Final Say: Ex-cabinet minister Lord Willetts says new Brexit referendum is 'common sense'
Peer warns against sacrificing economic success 'to fulfil the ideological obsessions of a small number of backbenchers'
Former Tory cabinet minister Lord Willetts has become the latest party figure to call for a fresh Brexit referendum, saying it is “good Conservative common sense” to hold a new vote.
The peer warned against sacrificing economic success “to fulfil the ideological obsessions of a small number of backbenchers”, in an attack on Eurosceptic hardliners led by Jacob Rees-Mogg.
Lord Willetts, an ex-universities minister, joins a string of Tory MPs in publicly showing their support for a new vote, including former attorney general Dominic Grieve, Justine Greening, the former education secretary, and backbenchers Heidi Allen, Anna Soubry and Sarah Wollaston.
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“When the Conservatives returned to office in 2010, we made deficit reduction our number one economic priority,” Lord Willetts told The Evening Standard.
He said: “But plainly now the cost of servicing the national debt is being inflated by Brexit.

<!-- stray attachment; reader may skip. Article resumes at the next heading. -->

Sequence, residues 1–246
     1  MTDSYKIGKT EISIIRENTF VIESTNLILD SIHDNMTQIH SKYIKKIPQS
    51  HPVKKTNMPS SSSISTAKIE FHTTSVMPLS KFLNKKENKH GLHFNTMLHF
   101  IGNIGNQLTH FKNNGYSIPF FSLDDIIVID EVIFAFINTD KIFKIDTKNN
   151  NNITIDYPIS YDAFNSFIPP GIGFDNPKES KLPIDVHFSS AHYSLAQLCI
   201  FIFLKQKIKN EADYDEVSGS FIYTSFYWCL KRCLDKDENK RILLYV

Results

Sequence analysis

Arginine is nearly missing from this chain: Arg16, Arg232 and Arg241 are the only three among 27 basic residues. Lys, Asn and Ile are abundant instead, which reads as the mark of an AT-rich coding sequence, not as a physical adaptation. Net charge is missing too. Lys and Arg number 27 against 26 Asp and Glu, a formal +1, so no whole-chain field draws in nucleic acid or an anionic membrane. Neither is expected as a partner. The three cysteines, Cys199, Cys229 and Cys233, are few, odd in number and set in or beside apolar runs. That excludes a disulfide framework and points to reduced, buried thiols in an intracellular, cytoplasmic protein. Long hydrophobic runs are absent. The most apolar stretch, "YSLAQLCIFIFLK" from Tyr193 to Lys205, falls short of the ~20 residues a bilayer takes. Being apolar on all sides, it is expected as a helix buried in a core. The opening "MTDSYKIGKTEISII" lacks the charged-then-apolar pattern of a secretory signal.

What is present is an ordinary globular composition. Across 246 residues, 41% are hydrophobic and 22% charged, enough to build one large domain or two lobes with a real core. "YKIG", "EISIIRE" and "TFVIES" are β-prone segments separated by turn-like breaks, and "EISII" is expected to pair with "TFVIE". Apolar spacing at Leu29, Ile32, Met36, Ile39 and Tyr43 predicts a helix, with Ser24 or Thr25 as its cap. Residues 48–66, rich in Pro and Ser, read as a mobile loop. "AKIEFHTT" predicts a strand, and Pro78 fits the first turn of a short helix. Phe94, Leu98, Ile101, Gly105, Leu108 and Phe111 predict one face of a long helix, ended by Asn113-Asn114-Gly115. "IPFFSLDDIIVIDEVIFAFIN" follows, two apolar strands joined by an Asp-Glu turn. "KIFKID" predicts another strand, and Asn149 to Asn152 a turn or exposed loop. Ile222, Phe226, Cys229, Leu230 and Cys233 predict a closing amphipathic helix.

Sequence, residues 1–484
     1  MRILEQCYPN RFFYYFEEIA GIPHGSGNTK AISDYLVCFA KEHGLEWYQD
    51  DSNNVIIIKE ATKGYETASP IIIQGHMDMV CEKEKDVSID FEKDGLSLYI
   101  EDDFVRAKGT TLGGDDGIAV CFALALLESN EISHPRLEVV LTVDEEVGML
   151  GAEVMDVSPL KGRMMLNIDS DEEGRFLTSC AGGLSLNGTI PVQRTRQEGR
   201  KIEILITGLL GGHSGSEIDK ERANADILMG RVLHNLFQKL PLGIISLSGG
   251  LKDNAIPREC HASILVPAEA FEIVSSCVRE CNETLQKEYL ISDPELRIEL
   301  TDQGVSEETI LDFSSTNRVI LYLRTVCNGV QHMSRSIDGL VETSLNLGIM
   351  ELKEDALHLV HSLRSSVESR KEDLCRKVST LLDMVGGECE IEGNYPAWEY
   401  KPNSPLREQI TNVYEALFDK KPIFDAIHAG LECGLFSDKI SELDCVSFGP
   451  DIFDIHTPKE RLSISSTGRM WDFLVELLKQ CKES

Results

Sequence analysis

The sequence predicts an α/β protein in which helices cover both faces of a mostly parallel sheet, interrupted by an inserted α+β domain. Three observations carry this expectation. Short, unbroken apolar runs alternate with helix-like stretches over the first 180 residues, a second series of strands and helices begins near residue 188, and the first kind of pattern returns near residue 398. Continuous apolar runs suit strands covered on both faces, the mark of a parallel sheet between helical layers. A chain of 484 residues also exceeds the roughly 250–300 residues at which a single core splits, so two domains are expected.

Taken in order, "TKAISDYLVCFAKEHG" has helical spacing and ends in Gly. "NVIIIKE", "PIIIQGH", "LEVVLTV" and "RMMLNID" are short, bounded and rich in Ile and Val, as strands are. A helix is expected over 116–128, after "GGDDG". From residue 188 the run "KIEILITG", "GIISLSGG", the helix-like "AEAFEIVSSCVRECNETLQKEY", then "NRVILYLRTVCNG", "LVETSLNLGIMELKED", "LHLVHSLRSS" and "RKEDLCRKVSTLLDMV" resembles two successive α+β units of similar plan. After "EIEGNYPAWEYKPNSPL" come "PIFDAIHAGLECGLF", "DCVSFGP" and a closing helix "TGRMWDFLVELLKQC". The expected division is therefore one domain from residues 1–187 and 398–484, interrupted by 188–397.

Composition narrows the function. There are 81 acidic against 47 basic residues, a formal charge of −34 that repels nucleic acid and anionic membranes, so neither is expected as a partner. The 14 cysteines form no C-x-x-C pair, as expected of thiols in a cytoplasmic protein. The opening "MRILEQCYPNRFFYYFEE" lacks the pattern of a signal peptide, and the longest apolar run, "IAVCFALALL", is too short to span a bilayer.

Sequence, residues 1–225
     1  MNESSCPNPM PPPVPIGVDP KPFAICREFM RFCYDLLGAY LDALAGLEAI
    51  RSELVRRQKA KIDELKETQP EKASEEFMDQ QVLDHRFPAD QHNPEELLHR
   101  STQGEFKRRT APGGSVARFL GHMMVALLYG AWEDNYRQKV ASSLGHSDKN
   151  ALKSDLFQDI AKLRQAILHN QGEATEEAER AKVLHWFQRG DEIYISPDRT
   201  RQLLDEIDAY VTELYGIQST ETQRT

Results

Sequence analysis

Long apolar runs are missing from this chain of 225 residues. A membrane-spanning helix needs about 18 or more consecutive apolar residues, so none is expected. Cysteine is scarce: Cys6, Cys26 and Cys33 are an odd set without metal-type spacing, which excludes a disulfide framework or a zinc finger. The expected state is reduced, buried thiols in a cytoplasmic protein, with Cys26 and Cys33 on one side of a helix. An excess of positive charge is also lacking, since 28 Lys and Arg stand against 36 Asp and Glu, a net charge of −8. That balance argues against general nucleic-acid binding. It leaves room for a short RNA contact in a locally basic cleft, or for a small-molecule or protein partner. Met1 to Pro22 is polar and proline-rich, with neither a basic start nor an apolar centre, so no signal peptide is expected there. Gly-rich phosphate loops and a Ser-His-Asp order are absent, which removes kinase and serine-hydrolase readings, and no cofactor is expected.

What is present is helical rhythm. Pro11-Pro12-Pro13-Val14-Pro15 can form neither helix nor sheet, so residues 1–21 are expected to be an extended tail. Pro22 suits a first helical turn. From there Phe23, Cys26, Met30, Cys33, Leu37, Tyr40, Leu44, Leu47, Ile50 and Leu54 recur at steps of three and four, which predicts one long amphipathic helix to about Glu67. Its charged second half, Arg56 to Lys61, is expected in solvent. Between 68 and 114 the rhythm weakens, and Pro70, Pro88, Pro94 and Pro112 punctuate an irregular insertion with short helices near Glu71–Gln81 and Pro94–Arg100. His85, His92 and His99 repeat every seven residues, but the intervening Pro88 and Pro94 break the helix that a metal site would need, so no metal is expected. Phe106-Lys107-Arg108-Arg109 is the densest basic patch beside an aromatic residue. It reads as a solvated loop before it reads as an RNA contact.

“No Conservative supporter voted to increase public spending in this way and that is why more and more Tories are backing a People’s Vote on the final Brexit deal.
“The Conservative Party’s electoral success is based on our long-term ability to deliver economic success and support wealth creation.
“We should not sacrifice that to fulfil the ideological obsessions of a small number of backbenchers in the ERG.
“Backing a people’s vote is good Conservative common sense, based on putting the national interest first at all times – the soundest of Tory doctrines.”
Elsewhere, a former minister told a fringe event that at least three government ministers privately support giving the public another vote
Dr Phillip Lee, who quit the government in June in order to speak out on Brexit, said he knew of other ministers who were “on the cusp” of resigning over the issue.
It comes on the eve of Theresa May’s major conference speech on Wednesday, where she will seek to unite her warring party after days of Brexit infighting.
Boris Johnson made a dramatic appearance at the event in Birmingham where he claimed her Chequers plan was a “constitutional outrage” that would leave the UK humiliated.
He won a thunderous standing ovation as he urged Tories to persuade the prime minister to “chuck Chequers” and return to the hard Brexit blueprint she set out at Lancaster House last year.
The prime minister declared herself “cross” with her former foreign secretary, accusing him of being ready to “tear up” her guarantee to Northern Ireland that there would be no customs border in the Irish Sea.
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